The site of the Dolomites comprises a mountain range in the northern Italian Alps, numbering 18 peaks which rise to above 3,000 metres and cover 141,903 ha. It features some of the most beautiful mountain landscapes anywhere, with vertical walls, sheer cliffs and a high density of narrow, deep and long valleys. A serial property of nine areas that present a diversity of spectacular landscapes of international significance for geomorphology marked by steeples, pinnacles and rock walls. The property also features one of the best examples of the preservation of Mesozoic carbonate platform systems, with fossil records.
The nine components of The Dolomites World Heritage Property protect a series of highly distinctive mountain landscapes that are of exceptional natural beauty. Their dramatic vertical and pale coloured peaks in a variety of distinctive sculptural forms is extraordinary in a global context. This property also contains an internationally important combination of earth science values. The quantity and concentration of highly varied limestone formations are extraordinary in a global context, whilst the superbly exposed geology provides an insight into the recovery of marine life in the Triassic period, after the greatest extinction event recorded in the history of life on Earth. The sublime, monumental and colourful landscapes of the Dolomites have also long attracted hosts of travellers and a history of scientific and artistic interpretations of its values.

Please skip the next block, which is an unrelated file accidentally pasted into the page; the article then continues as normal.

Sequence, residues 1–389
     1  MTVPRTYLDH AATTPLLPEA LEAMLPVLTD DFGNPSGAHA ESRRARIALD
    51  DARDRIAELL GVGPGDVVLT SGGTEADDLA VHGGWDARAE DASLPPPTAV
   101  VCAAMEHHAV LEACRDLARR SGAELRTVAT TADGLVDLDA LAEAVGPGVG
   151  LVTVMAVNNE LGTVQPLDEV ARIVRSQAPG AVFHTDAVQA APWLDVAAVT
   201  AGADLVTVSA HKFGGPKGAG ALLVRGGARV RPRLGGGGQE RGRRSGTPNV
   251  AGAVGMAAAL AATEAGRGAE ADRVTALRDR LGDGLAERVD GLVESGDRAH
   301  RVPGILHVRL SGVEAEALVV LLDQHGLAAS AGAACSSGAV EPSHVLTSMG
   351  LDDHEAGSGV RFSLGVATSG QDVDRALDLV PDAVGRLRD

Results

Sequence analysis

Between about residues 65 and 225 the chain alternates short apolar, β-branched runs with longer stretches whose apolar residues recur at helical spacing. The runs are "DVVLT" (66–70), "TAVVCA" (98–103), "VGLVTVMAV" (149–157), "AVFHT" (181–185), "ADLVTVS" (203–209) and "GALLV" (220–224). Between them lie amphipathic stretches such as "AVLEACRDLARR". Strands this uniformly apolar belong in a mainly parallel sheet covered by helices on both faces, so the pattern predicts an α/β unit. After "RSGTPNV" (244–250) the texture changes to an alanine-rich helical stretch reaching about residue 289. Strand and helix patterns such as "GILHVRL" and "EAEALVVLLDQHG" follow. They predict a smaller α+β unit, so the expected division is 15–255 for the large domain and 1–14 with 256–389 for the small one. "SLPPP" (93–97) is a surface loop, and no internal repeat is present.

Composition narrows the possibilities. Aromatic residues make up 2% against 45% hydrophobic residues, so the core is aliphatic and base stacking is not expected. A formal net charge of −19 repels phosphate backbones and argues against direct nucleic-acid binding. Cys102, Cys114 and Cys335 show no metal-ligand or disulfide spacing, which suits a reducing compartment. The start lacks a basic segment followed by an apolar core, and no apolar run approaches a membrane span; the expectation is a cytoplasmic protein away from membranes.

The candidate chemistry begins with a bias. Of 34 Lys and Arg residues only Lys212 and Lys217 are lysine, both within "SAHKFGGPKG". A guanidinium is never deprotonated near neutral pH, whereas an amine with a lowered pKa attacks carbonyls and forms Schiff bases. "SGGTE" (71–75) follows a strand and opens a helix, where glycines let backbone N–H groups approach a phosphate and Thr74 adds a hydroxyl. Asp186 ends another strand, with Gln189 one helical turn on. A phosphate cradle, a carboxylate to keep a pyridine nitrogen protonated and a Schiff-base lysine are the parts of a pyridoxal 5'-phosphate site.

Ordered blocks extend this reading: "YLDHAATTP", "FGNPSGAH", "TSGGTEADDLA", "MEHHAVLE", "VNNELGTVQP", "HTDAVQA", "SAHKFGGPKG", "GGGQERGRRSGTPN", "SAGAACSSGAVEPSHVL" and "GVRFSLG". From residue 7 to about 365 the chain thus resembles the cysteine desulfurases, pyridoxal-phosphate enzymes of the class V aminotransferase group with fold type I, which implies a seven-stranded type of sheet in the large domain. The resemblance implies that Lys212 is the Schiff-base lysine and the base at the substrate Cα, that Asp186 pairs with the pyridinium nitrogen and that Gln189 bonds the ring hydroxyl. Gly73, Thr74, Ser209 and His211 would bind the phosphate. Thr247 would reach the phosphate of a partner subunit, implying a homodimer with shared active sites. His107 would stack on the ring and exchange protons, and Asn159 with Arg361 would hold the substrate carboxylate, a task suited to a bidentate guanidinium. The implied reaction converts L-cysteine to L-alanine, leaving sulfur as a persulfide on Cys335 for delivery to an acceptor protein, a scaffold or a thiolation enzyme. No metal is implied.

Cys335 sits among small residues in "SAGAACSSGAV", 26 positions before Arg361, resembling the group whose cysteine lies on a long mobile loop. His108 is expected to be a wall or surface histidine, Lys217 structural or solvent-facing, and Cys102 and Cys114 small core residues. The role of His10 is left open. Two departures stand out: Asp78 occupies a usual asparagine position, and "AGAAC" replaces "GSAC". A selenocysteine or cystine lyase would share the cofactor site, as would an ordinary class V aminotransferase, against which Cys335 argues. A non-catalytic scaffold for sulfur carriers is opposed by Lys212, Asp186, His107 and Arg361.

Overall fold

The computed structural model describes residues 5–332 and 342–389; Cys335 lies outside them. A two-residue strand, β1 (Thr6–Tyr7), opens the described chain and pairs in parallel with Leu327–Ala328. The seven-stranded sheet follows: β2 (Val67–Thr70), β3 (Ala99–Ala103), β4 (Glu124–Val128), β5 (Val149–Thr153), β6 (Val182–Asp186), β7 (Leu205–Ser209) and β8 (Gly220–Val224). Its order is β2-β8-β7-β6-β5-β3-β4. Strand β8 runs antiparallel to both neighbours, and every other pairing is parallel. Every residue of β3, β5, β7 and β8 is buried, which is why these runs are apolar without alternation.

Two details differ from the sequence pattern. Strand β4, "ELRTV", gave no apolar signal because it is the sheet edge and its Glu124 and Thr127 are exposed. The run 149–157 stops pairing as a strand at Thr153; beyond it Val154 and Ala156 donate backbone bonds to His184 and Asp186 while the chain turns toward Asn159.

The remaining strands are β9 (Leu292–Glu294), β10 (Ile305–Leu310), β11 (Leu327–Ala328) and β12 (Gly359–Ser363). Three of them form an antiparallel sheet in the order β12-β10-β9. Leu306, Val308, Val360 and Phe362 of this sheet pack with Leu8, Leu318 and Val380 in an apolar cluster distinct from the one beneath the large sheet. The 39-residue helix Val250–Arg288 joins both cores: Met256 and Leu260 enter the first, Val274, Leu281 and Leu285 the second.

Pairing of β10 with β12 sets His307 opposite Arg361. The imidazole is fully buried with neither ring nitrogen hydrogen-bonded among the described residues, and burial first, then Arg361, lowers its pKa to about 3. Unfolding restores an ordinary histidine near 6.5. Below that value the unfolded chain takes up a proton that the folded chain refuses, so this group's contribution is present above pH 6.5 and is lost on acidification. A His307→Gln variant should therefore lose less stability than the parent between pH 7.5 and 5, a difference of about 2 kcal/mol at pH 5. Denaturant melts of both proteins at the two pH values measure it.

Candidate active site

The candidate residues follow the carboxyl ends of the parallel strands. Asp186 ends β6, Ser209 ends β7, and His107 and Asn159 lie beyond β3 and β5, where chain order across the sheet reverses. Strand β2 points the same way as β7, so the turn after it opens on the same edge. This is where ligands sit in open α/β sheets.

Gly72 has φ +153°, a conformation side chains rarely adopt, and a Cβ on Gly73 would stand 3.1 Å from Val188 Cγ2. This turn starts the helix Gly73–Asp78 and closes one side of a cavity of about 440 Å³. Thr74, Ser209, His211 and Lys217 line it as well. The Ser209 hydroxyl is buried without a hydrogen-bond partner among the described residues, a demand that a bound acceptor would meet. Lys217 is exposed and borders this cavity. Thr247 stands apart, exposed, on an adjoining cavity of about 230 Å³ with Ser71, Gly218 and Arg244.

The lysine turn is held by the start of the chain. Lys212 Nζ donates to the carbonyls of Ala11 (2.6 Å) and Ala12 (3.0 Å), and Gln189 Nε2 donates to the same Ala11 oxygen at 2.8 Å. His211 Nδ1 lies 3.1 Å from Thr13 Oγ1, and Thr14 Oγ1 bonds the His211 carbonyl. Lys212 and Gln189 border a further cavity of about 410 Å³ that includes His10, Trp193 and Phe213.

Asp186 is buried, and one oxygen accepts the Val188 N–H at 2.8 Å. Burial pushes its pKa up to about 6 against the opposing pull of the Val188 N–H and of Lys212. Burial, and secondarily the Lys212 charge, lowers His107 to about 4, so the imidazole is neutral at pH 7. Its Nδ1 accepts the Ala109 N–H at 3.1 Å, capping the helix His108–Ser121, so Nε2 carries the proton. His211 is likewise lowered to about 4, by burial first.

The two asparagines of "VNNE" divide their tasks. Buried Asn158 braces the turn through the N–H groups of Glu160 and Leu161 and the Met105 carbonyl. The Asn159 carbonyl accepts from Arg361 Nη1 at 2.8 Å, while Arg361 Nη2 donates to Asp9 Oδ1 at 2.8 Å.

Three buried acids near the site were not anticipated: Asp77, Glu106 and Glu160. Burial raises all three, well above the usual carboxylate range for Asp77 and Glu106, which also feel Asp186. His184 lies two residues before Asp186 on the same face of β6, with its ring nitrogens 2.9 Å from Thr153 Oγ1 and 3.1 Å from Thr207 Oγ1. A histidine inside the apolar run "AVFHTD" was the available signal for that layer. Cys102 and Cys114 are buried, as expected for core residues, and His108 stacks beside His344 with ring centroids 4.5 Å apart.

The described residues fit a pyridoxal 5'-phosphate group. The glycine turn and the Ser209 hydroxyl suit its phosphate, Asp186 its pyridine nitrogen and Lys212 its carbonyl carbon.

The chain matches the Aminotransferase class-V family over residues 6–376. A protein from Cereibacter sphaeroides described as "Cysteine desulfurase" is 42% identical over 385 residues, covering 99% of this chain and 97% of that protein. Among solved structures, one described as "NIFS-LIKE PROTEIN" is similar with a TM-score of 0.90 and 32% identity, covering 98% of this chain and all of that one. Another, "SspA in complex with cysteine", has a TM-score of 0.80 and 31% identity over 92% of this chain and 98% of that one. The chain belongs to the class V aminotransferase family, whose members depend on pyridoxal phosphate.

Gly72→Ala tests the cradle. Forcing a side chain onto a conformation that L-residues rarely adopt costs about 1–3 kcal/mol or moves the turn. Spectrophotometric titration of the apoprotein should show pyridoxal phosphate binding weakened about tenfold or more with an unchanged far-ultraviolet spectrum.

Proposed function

The distinctive scenery of the Dolomites has become the archetype of a “dolomitic landscape”. Geologist pioneers were the first to be captured by the beauty of the mountains, and their writing and subsequent painting and photography further underline the aesthetic appeal of the property. The geological values are also of international significance, notably the evidence of Mesozoic carbonate platforms, or “fossilized atolls”, particularly in terms of the evidence they provide of the evolution of the bio-constructors after the Permian/Triassic boundary, and the preservation of the relationships between the reefs they constructed and their surrounding basins.
A unique protected area, and a unique landscape that will enthral you. The unique rock formations of the Dolomites, magical alpine landscapes and the diverse valleys of this region, have captivated people throughout the ages. In 2009, UNESCO also recognised the region’s uniqueness, its geological significance and, last but not least, its beauty. Only regions with a special value for humanity are listed, and they deserve to be protected to preserve this inestimable value. The Dolomites, with their well-known peaks such as the Three Peaks, Rosengarten and Schlern, have therefore achieved the highest award in the world for a natural site.
Source(s): UNESCO, Dolomites & Valgardena